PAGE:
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    Taylee91 Carpe Diem Contributor

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    *slides a hot chocolate to lilix and noya* Enjoy you two!
     
  8. Noya Desherbanté
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    Noya Desherbanté Senior Member

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    *hands little cookies to go with hot chocolates*

    Thanks everyone :) At a time when I do have friends, colleagues, and (thank God!) a terrifically patient boyfriend, my focus is mostly on writing at the moment, and to have some comforting words from fellow writers is definitely the best medicine! :D
     
  9. Some Call Me Tim
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    Some Call Me Tim Member

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    The key is to write so well that your book sells millions of copies. Then your agent and various assistants handle it all for you.

    Just do that and you'll be golden.
     
  10. w176
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    w176 Contributing Member Contributor

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    Another great thing abut life is its okey to fail at stuff. Everybody fails a lot of times during their lifetimes. Talk to enyone over 25 and they will have a lot of failures and most times when they tell you about it they will still be smiling. Post peoples fail some during their studies and work as well, they might scape they knees, it hurts but they get up again. It's okay. Its a part of life.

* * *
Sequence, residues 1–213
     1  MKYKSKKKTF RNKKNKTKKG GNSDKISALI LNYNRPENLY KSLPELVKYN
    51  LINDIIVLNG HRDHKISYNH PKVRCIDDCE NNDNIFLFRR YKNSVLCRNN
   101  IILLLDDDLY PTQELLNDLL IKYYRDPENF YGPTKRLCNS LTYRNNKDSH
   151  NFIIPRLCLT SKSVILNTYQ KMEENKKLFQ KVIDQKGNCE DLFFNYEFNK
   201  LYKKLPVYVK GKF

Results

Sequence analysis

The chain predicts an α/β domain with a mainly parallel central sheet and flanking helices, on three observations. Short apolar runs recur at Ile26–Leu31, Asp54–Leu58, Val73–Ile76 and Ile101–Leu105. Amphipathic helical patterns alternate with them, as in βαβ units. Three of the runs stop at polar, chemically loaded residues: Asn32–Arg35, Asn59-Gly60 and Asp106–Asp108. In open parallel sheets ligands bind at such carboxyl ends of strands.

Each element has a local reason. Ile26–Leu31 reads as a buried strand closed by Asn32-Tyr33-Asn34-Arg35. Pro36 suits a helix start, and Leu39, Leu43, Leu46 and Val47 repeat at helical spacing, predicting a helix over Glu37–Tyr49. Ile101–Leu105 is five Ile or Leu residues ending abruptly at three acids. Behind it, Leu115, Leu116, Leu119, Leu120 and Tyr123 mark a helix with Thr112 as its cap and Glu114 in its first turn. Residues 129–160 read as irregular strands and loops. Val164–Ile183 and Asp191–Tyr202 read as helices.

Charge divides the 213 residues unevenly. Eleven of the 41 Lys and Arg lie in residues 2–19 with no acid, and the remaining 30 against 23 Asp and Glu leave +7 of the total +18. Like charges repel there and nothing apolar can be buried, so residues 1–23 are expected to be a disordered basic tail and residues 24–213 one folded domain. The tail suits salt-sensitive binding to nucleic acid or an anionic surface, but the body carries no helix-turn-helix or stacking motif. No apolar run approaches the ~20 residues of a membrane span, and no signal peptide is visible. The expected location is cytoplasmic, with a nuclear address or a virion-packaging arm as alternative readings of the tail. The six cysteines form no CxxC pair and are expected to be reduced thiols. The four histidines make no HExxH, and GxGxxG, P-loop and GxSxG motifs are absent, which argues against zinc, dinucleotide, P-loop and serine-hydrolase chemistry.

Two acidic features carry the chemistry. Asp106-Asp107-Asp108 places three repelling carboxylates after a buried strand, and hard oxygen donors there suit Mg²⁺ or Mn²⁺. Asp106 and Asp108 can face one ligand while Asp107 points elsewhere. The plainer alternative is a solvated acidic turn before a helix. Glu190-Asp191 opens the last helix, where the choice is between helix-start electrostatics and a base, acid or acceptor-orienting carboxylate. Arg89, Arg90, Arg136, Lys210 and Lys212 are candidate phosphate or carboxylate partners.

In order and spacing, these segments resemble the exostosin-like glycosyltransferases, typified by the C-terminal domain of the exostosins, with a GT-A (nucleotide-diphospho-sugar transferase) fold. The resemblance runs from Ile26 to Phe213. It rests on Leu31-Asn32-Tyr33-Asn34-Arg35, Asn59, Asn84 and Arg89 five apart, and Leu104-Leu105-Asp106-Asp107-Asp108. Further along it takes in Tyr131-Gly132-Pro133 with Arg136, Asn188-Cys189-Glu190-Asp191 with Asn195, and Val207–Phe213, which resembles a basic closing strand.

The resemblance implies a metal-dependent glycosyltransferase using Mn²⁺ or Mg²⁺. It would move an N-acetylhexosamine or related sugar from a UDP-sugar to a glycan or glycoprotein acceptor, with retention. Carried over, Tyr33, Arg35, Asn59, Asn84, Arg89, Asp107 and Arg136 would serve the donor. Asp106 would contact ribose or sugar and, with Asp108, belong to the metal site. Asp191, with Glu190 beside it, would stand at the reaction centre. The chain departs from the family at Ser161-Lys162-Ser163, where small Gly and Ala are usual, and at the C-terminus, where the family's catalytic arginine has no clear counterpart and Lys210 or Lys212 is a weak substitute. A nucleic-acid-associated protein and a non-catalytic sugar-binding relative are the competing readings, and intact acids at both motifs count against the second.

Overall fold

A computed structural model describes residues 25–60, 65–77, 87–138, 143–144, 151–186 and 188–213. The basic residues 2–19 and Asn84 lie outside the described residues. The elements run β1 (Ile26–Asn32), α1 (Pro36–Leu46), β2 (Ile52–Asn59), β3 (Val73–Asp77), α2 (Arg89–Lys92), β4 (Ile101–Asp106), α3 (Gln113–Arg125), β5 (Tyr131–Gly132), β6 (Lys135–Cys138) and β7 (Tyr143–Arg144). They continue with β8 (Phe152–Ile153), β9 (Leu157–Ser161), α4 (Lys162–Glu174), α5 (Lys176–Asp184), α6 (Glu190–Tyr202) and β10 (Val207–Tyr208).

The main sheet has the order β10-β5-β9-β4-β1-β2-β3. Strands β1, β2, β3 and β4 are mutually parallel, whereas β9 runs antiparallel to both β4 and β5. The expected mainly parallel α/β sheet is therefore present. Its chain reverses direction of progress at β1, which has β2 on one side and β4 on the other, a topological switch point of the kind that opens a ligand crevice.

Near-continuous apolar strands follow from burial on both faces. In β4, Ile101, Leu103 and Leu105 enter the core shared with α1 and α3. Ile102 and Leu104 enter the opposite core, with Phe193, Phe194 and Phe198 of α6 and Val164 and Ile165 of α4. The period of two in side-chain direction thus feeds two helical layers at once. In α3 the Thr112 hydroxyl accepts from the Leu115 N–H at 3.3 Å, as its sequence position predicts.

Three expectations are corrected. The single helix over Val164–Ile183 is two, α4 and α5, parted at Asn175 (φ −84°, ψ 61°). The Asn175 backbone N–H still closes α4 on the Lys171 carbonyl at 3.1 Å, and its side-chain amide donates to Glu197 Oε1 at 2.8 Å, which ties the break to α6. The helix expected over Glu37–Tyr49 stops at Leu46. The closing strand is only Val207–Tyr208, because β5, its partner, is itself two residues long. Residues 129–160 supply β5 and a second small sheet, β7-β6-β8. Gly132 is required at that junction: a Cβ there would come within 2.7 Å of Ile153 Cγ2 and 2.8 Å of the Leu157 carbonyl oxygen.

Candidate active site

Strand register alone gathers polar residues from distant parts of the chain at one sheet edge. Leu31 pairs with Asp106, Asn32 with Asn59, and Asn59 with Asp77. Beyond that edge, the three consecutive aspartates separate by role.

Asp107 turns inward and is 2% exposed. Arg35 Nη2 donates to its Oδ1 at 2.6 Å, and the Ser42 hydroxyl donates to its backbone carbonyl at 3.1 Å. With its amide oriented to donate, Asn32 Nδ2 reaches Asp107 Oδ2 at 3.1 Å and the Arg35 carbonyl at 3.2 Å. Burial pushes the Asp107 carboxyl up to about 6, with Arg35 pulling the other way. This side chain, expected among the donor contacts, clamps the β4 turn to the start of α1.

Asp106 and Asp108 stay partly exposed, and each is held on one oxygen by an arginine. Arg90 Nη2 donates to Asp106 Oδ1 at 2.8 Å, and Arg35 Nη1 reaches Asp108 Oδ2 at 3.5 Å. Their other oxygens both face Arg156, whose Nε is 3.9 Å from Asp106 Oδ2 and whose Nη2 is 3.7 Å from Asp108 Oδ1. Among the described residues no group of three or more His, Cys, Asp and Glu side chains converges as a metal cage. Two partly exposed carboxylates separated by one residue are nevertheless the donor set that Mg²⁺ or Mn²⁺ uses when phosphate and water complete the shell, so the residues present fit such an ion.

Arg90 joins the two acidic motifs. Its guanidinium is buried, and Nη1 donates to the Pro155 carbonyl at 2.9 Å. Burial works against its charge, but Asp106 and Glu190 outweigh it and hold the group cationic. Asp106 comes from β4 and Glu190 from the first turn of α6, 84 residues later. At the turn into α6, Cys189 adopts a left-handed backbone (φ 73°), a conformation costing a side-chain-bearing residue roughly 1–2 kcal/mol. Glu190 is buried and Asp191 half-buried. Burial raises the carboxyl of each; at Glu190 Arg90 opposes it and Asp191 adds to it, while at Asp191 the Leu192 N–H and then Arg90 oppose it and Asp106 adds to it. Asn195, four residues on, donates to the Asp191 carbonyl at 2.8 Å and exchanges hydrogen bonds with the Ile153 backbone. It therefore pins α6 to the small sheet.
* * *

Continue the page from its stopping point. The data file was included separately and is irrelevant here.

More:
Dropping a few balls just means you dropped a few balls. You can pick them up again, or leave them there. It wont be the end of the world, or you life. Not now, and not in the future.
     
  11. mammamaia
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    mammamaia nit-picker-in-chief Contributor

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    correction: that's only like a lot of beginning writers and some who haven't been successfully/successively published yet... the pros who make a living at it learned to manage their time and keep to a workable routine... they never get bored and can settle for 'good enough' if that means their work is sold to, read and enjoyed by total strangers...

    what do you mean by 'accepted'?... do you have a contract?... has it been published yet?... do you have a release date?... who's the publisher?

    and what does 'feedback from responses' mean?...
     
  12. mummymunt
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    mummymunt Member

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    Being awake and out of bed is almost more than I can cope with half the time, so don't worry. I have far less going on in my life than you do and I still feel ridiculously overwhelmed by all of it.